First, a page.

Everald Dewar | Taxation of fuel benefits
A client, a small one-man company, recently received a letter from Tax Administration Jamaica, TAJ, concerning fuel benefits given to the director.
The director is using his own vehicle for business purposes. He charges all his fuel to his credit card, and the company then pays his credit card bill.
The letter implied that since the car was not provided by the company for use by the director, the fuel benefit is not a tax-free allowance.
Where an employee is provided with a fully maintained vehicle that includes fuel and maintenance, this is a benefit in kind that is taxable. This benefit is assessed using pre-ordained values contained in a table in the Income Tax Act. If there is no car benefit, there is no fuel benefit as they cannot be separated. The values from the table cover both.
If the employee owns his own vehicle and the employer pays for motoring expenses such as repairs and insurance, these are taxable in the same way but using different criteria than the table values, involving taxing the actual price paid.
Our director holds an office which is similar to being in employment, and fuel is provided to him by reason of this office. What is happening is that the company pays for the total fuel bill, effectively reimbursing the director with the cost of both his private and business fuel and hence settling a personal liability of the director, making the reimbursed amount taxable as a benefit in kind.
Unfortunately, in the director’s case, the fuel was reimbursed in full ,and where an employee reimburses the cost of business and private fuel to an employee, there is a ‘pay as you earn’, or PAYE, liability.
TAJ is effectively saying that as a private benefit is also being paid for in this case, their aim is to assess the private element, but in doing so, they may also end up assessing the business element.
What if the credit card belonging to the company was used to pay for the fuel, wouldn’t it then be the company that pays the expenses and not the director? The answer is yes, but it does not change the fact that the company would have paid a bill on behalf of the employee.
The alternative could be for the employee to pay for his fuel personally then make a claim on the company, but this is what was happening in the director’s case. Therefore, the mode of repayment is not the issue but rather the fact that a private benefit would have been paid for.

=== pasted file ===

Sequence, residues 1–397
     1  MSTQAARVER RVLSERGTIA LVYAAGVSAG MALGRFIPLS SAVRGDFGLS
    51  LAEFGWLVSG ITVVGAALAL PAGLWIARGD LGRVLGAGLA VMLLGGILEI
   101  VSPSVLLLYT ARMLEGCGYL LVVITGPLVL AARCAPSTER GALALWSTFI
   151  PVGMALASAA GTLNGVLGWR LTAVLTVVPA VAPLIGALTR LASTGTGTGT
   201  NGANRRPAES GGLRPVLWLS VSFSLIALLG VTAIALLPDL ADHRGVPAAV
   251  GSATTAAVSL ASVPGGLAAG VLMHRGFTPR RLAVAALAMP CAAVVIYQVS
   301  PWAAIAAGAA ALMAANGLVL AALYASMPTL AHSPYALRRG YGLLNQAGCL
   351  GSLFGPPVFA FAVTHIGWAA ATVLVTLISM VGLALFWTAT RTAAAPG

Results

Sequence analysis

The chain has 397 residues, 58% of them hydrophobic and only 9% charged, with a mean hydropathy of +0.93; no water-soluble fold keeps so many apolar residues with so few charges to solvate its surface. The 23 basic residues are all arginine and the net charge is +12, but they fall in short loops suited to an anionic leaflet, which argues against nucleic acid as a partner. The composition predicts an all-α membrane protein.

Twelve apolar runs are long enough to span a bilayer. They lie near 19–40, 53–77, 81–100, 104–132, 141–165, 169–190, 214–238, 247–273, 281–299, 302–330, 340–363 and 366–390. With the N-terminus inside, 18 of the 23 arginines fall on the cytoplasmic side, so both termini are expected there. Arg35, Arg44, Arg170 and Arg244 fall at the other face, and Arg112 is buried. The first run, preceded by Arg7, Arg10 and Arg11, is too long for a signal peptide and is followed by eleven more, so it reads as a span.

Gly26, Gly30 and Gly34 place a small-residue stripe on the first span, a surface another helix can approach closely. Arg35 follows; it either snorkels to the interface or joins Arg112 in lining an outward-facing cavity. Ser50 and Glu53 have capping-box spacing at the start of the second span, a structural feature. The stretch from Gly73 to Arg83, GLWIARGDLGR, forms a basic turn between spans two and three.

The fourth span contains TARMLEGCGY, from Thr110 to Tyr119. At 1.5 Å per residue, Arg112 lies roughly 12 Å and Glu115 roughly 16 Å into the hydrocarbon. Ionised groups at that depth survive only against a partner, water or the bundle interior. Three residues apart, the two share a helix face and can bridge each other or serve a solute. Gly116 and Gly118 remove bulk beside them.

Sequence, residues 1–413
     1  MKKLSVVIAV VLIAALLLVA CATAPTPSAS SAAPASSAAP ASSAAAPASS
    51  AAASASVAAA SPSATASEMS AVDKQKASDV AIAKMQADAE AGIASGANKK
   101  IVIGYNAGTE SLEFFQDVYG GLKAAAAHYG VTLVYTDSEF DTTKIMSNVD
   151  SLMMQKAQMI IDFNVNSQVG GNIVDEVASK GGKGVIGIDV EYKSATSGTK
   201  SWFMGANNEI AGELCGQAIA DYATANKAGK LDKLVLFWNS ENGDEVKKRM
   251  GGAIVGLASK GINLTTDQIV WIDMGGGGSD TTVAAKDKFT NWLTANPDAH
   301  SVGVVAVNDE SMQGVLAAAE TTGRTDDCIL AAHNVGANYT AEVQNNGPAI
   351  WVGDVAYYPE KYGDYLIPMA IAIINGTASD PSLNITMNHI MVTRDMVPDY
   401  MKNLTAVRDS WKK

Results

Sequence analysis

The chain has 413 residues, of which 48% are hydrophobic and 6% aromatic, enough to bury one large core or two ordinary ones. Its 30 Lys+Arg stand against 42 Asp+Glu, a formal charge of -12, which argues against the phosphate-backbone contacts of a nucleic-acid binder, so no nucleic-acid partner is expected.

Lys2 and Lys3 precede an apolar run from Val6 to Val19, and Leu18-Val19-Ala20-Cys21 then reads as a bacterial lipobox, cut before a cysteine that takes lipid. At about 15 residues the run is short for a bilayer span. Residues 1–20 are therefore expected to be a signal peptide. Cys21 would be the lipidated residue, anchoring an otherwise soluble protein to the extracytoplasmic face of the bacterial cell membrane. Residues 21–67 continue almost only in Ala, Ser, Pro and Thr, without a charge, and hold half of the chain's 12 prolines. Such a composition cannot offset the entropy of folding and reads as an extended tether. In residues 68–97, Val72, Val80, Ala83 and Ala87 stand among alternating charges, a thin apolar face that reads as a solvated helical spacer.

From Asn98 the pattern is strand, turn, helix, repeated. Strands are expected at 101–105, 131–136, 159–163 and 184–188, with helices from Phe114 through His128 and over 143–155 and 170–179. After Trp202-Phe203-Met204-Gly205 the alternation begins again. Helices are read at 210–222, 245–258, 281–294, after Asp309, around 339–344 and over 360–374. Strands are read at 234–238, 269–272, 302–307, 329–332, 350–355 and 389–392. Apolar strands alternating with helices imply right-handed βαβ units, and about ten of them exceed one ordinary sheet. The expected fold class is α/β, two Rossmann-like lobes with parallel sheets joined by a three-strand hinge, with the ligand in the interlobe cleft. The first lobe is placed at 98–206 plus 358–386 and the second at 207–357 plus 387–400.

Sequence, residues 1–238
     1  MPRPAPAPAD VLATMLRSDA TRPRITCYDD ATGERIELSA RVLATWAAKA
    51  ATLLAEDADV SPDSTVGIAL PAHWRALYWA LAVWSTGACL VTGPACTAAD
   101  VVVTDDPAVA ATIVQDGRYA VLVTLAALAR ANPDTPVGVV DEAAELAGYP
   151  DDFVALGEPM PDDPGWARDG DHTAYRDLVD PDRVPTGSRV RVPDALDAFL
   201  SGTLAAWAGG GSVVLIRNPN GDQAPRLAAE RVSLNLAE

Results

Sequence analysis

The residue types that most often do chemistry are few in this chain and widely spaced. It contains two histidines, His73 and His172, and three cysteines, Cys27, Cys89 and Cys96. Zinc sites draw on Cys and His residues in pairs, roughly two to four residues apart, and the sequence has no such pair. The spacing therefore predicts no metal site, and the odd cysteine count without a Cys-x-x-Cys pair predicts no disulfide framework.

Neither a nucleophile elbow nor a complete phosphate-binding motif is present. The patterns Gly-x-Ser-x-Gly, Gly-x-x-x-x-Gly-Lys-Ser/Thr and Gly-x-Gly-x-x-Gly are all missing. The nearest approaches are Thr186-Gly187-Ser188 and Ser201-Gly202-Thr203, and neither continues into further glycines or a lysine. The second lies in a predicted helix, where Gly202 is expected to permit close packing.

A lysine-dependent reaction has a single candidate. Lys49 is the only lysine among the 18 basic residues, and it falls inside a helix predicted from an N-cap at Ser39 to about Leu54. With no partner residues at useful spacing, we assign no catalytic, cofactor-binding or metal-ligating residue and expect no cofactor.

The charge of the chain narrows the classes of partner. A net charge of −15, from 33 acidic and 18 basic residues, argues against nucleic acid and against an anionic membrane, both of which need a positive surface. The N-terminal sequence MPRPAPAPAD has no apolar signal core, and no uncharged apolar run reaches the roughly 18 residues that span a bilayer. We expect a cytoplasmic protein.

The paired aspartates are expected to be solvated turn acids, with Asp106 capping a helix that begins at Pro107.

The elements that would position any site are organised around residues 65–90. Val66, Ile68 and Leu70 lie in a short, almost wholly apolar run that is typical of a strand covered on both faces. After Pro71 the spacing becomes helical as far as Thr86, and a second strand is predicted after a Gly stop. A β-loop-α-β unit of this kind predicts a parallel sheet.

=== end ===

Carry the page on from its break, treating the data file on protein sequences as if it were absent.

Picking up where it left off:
The reality is TAJ is not only concerned about private benefit but mainly about employers making payments that may include amounts not made for motoring in the performance of the employees’ duties but making part of their employees’ salaries artificially dressed up as reimbursements for business travel.
Against that background, it is best to seek TAJ’s agreement, by way of an application, for an allowance to be paid at fixed pre-established rates to the employee for the use of his vehicle. These rates are usually published under a scheme granting a special dispensation that the employee receive amounts tax-free. The rates involve both upkeep of the vehicle and, in some cases, the gas used per business mile. They normally apply to employees whose duties require them to travel and who have access to a motor vehicle.
However, if employees are required to travel but do not have a motor vehicle and depend on public transportation, the application can be made for a commuted or walk-foot allowance to be paid.
If the employee calculates that his actual cost for business use is higher than that granted under the scheme, he may just have to make a claim for the balance by filing a tax return.
Although, it is not usual that employees who do not have income outside their employment file tax returns; this is the only way they can obtain relief for the excess. When preparing the return, they would need to take into account the tax-free allowance received under the scheme.
If he is the owner of the vehicle, claiming a portion of the capital allowance can be justified. There has been an increase in capital allowance that can be claimed on private motor vehicles, such as cars and SUVs, purchased after 2013.
If the return is for a tax refund, the vehicle owner should be prepared to defend this claim.
Everald Dewar is senior taxation manager at BDO Chartered Accountants in Kingston.